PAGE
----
LIC Initial Public Offering: Decoded
As India’s economic growth slumps to 4.5% amid worldwide recession and a global pandemic, Finance Minister of India, Mrs. Nirmala Sitharaman, presented the Union Budget for FY21 on 1st February with the three themes: Aspirational India, Economic Development and Caring Society. This is the third year in row in which India has failed to meet its fiscal deficit target so one of 3.5% of GDP, seems a little too ambitious. The country is looking at major structural changes to revive growth.
In order to raise funds to meet the deficit, the Government plans to sell a part of its stake in LIC, through an IPO in the second half of the financial year ending in March 2021. LIC, completely owned by the Government of India, is the largest financial institution in India. This move will bring huge funds to the government and help meet a significant portion of the disinvestment target of Rs. 2.1 lakh crore. It would also give retail investors an opportunity to participate in the wealth so created. LIC will follow the lead of Recent IPOs of Rail Vikas Nigam, IRCTC and Bharat ETF which cumulatively raised around Rs. 21,000 crores. The Government also aims to privatise Air India and BPCL along with disinvestments of many other such corporations including Concor, Shipping Corporation of India and Neepco.
However such disinvestment initiatives are often viewed through a lens of nationalism which overpowers business prudence, with the government facing criticism for reducing their stake in public sector units while it’s still viable. Addressing this myth, listing of a company does not mean privatization as long as the government’s stake is more than 50%. The IPO becomes all the more important when one considers the crucial role that the LIC plays for the government by providing it with the financial backing clout to complete a large number of corporate bail-outs and provide it with the funds to enact fiscal stability measures and potentially even bail the government out in certain cases. With its listing, that may become more complicated for the government.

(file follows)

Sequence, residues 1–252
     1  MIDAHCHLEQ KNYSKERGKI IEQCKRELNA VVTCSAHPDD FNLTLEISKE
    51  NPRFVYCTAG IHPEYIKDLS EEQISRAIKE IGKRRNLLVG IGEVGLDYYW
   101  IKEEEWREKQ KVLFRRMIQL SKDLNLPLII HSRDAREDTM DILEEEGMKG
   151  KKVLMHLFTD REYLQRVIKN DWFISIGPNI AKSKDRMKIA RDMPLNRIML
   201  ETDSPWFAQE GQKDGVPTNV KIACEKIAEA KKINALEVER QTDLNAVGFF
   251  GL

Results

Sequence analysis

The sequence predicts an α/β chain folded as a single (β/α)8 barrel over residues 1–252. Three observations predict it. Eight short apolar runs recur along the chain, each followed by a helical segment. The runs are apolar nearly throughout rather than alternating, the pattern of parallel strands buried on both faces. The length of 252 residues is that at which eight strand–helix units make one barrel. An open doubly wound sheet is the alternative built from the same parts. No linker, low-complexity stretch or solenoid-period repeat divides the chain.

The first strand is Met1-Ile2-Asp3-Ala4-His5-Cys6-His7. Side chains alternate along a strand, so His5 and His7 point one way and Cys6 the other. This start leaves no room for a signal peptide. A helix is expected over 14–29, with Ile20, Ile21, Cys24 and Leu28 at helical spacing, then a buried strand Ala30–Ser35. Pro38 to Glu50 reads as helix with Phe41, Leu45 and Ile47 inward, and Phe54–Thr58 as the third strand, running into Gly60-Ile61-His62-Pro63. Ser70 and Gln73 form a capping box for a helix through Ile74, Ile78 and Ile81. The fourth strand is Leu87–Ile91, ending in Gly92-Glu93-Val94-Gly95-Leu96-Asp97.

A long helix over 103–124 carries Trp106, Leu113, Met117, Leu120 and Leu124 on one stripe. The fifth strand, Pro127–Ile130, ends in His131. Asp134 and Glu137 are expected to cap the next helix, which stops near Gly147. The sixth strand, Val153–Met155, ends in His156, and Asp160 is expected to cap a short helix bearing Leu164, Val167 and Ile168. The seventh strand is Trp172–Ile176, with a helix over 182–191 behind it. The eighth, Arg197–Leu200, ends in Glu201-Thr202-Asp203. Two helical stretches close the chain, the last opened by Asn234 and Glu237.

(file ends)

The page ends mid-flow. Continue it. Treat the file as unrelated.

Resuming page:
With total investments of 28,01,483 crore in the 13th five-year plan, LIC is the largest institutional investor in India, further highlighting its strength as an institution for the government. On the other hand, this poses a risk for investors as they have to account for not only the risks present in the insurance industry in India, but also country risks, accounting for potential bailout packages.
From the investors standpoint, not everything indicates a rosy picture for LIC as it is also a company that faces a great deal of statutory exposure, such as the detrimental impact of the removal of tax deductions in the current budget on LICs insurance book.
Over the years, there has been a steady increase in the NPA levels at LIC which have further been accentuated by the decline of the NBFC sector in India. Currently, LIC has NPAs of around Rs. 31 lakh crores as it had become the government’s financing arm. This might change as listing of LIC will ensure more transparent and regular disclosure of its investments and loan portfolios. Hence, this would not only provide the government with the much needed funds, but would bring good governance to LIC and other such corporations. Furthermore, it is important to understand the statutory environment around LIC which is governed by the provisions of the LIC Act 1956. Attributed to the large base of policyholders of LIC is the sovereign guarantee attached to it, as mentioned in the act. Another section reserves only 5% of the surplus to be distributed as dividends. Amendments to these sections hold the key to make the IPO more lucrative for investors.
Furthermore, as another reminder of its commitment to make the activities of the LIC more transparent it should allow all decisions with respect to the utilization of surplus to the shareholders. Although this will probably not impact the end decision as the government still maintains a majority shareholding but it will reduce some of the statutory opaqueness around LIC.